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Stakeholder group: International and regional organisations
WMO is a specialised agency of the United Nations dedicated to international cooperation and coordination on the state and behaviour of the Earth’s atmosphere, its interaction with the land and oceans, the weather and climate it produces, and the resulting distribution of water resources. It boasts a membership of 193 member states and territories. Weather, climate, and water respect no national boundaries, and so cooperation is key.
National Meteorological and Hydrological Services (NMHSs) work around the clock to provide early and reliable warnings of severe weather. WMO also measures and forecasts air quality and monitors and projects climate change. The overriding priority is to save life and property, protect resources and the environment, and support socio-economic growth. With this work, WMO supports NMHSs and meets their international commitments in disaster risk reduction, climate change mitigation and adaptation, and sustainable development.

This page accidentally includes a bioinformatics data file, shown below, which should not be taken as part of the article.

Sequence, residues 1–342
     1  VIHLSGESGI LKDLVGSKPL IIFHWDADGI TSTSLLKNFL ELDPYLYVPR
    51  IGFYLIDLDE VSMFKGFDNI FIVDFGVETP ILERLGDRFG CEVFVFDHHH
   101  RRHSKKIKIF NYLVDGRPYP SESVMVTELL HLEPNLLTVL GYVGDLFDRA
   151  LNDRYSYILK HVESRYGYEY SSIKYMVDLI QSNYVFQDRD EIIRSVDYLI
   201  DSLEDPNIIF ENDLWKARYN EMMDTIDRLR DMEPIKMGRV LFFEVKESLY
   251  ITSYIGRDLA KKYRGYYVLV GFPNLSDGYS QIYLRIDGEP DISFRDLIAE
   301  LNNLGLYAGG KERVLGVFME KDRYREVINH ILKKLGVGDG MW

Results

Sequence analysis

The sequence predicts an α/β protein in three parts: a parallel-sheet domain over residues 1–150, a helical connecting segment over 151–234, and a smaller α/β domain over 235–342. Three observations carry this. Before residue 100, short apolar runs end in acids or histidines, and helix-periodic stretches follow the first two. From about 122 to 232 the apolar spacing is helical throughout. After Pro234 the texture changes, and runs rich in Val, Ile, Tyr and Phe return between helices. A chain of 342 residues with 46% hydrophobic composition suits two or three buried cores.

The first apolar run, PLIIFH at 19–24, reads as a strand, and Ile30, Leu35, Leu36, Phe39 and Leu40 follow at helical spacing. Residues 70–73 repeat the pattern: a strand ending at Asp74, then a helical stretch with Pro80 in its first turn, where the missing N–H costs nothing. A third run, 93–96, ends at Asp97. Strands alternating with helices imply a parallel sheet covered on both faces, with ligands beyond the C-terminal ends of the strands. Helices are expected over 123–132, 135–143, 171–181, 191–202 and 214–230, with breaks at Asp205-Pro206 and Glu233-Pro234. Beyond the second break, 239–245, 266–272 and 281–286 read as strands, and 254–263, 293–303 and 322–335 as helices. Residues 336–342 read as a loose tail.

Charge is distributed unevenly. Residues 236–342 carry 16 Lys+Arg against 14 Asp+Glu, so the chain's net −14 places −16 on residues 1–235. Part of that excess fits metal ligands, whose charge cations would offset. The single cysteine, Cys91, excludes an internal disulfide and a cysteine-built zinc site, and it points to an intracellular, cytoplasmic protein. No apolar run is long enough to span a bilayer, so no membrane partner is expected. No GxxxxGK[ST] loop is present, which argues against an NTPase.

Data is in WMO’s DNA. Data is gathered from one of the most diverse data-gathering systems worldwide, consisting of more than 10,000 manned and automatic surface weather stations, national radar networks, ocean observing stations, and weather satellite constellations. Data exchange underpins all WMO core functions from weather forecasting to climate, hydrological, and ocean monitoring. Supercomputers and global telecommunication systems power the ever-growing appetite for data.